My lefty alter ego Tom Lee weighs in on the network neutrality debate. After an excessively generous hat tip toward my Cato paper, he focuses his criticism on Julian’s post. Tom is unimpressed by Julian’s concerns about the risks of case-by-case adjudication of network neutrality concerns.
Tom suggests that we’re looking at an unbridgeable ideological chasm, and maybe that’s true. But I want to (as Julian puts it) “go a little fractal” and highlight the structural similarity between the arguments on the two sides of the debate. As I pointed out yesterday, the Genachowski was quite right to argue that the key virtue of the Internet is that it “pushes decision-making and intelligence to the edge of the network,” which preserves “the freedom to innovate without permission.”
The most obvious problem with top-down, permission-based systems is that the decision-maker might just make bad high-level policy decisions. AT&T might, for example, decide to block VoIP traffic to protect its legacy telephony business. This is the kind of scenario that attracts most of the attention in the network neutrality debate.
But I think this isn’t the only, or even the most important, reason this kind of setup is a bad idea. Consider Larry Lessig’s work on the problems created by a “permission culture” in the copyright context. Lessig tells the story of a filmmaker who tried to get permission to show a few seconds of the Simpsons in the background of a shot in a documentary he was working on. After a bunch of calling around, he finally reached the right person at Fox, who demanded $10,000 for permission to include the clip. Else wound up digitally editing the Simpsons clip out of the scene.
The thing to note about this is that the senior leadership of Fox almost certainly did not make a conscious decision to start demanding outrageous amounts of money for the right to use trivial snippets of its content. This is probably a case of bureaucratic incompetence, not greed. Moreover, even if he’d gotten a reasonable answer, it still would have been a problem that he had to spend so much time on the phone.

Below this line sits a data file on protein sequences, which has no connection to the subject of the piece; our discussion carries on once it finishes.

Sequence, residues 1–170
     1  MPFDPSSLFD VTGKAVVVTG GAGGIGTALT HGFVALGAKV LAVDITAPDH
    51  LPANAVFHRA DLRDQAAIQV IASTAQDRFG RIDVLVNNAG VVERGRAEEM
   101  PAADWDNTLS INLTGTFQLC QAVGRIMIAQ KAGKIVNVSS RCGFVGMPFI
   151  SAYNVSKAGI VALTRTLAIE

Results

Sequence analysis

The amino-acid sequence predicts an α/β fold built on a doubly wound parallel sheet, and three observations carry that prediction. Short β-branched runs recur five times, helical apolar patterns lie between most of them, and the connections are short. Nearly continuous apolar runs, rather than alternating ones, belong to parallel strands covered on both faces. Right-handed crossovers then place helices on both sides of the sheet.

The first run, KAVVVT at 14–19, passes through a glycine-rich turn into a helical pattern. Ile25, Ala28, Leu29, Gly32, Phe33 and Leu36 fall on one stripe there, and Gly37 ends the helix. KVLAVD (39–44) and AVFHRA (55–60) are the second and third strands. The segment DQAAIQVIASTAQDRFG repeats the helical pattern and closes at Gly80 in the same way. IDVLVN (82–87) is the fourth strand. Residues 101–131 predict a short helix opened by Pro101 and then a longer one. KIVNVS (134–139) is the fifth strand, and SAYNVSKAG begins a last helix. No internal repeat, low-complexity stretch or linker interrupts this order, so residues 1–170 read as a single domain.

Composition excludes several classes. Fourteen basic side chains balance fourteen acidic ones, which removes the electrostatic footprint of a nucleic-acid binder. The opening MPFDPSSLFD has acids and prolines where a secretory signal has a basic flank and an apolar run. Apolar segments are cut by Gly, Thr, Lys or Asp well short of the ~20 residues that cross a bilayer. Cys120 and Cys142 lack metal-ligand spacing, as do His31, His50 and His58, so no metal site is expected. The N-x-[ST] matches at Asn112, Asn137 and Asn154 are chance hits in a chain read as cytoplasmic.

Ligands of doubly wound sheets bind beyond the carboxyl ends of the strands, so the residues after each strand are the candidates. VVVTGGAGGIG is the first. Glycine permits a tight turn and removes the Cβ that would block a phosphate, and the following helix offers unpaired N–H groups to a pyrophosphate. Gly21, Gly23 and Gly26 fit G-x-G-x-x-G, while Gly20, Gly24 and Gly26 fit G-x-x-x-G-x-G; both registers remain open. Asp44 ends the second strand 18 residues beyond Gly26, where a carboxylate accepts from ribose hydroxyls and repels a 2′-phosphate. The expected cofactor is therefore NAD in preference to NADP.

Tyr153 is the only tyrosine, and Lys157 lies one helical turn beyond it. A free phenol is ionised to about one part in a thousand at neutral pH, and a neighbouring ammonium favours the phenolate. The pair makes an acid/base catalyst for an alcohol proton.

The same points apply to the iPhone example I discussed in my previous post. The various problems with the iPhone app approval process aren’t (just) cases of Apple being greedy. Some of the decisions have been so transparently stupid that they can only be the result of incompetence on the part of individual Apple employees. In other cases, the problem seems to be that management guidance to rank-and-file Apple reviewers was vague, and so inconsistent results were reached. And in many cases, the problem isn’t that a bad decision was reached, but rather that it took an unreasonably long time for the answer. That’s problematic even if the ultimate answer is the “right” one.
The problem with a permission culture, then, isn’t just that the high-level policies might be bad (although of course they might). The more serious problem is the process of permission-seeking inevitably introduces unnecessary and often costly friction. Tom writes rather casually about ISPs “getting on the phone with Washington before they get on the phone with Cisco.” We could just as easily say that iPhone developers should “get on the phone with Cupertino” before they start writing a new application. For a variety of reasons, this doesn’t actually work very well. “Cupertino” may not have formulated a policy on the app you’re thinking about creating (indeed, this is especially likely if your app is unusually innovative). It may stall or give vague, evasive answers. It may give different answers to different firms with substantially similar products. And of course, an informal assurance from some Apple employee is no guarantee that the bureaucracy won’t change its mind after you’ve sunk thousands of hours into developing and tesitng your product.